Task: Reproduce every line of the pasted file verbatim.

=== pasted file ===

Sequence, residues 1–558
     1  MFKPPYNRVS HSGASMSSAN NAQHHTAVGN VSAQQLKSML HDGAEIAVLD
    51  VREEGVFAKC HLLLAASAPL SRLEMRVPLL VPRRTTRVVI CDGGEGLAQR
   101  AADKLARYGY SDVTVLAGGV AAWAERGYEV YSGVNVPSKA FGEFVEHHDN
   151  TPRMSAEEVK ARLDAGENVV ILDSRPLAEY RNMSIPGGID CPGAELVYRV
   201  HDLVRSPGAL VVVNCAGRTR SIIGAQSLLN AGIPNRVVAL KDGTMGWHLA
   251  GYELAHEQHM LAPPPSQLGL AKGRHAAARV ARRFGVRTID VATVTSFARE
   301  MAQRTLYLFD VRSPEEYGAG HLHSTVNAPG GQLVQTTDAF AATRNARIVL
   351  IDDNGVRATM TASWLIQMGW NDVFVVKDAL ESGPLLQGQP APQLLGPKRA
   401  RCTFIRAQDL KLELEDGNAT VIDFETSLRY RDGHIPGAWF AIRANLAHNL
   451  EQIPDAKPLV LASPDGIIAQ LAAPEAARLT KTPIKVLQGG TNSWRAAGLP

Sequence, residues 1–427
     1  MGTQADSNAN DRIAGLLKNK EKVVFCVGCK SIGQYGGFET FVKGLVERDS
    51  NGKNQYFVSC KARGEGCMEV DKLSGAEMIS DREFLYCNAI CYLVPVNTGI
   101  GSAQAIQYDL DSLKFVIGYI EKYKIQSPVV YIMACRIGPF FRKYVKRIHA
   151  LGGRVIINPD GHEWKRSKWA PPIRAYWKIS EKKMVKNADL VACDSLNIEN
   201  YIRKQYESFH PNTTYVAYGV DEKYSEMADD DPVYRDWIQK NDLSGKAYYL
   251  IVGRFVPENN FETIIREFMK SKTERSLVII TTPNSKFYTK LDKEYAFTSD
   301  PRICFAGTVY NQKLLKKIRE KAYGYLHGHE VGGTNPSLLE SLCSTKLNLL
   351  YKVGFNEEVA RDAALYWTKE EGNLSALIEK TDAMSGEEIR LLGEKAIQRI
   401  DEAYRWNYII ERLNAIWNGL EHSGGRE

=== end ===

Sequence, residues 1–558
     1  MFKPPYNRVS HSGASMSSAN NAQHHTAVGN VSAQQLKSML HDGAEIAVLD
    51  VREEGVFAKC HLLLAASAPL SRLEMRVPLL VPRRTTRVVI CDGGEGLAQR
   101  AADKLARYGY SDVTVLAGGV AAWAERGYEV YSGVNVPSKA FGEFVEHHDN
   151  TPRMSAEEVK ARLDAGENVV ILDSRPLAEY RNMSIPGGID CPGAELVYRV
   201  HDLVRSPGAL VVVNCAGRTR SIIGAQSLLN AGIPNRVVAL KDGTMGWHLA
   251  GYELAHEQHM LAPPPSQLGL AKGRHAAARV ARRFGVRTID VATVTSFARE
   301  MAQRTLYLFD VRSPEEYGAG HLHSTVNAPG GQLVQTTDAF AATRNARIVL
   351  IDDNGVRATM TASWLIQMGW NDVFVVKDAL ESGPLLQGQP APQLLGPKRA
   401  RCTFIRAQDL KLELEDGNAT VIDFETSLRY RDGHIPGAWF AIRANLAHNL
   451  EQIPDAKPLV LASPDGIIAQ LAAPEAARLT KTPIKVLQGG TNSWRAAGLP

Sequence, residues 1–427
     1  MGTQADSNAN DRIAGLLKNK EKVVFCVGCK SIGQYGGFET FVKGLVERDS
    51  NGKNQYFVSC KARGEGCMEV DKLSGAEMIS DREFLYCNAI CYLVPVNTGI
   101  GSAQAIQYDL DSLKFVIGYI EKYKIQSPVV YIMACRIGPF FRKYVKRIHA
   151  LGGRVIINPD GHEWKRSKWA PPIRAYWKIS EKKMVKNADL VACDSLNIEN
   201  YIRKQYESFH PNTTYVAYGV DEKYSEMADD DPVYRDWIQK NDLSGKAYYL
   251  IVGRFVPENN FETIIREFMK SKTERSLVII TTPNSKFYTK LDKEYAFTSD
   301  PRICFAGTVY NQKLLKKIRE KAYGYLHGHE VGGTNPSLLE SLCSTKLNLL
   351  YKVGFNEEVA RDAALYWTKE EGNLSALIEK TDAMSGEEIR LLGEKAIQRI
   401  DEAYRWNYII ERLNAIWNGL EHSGGRE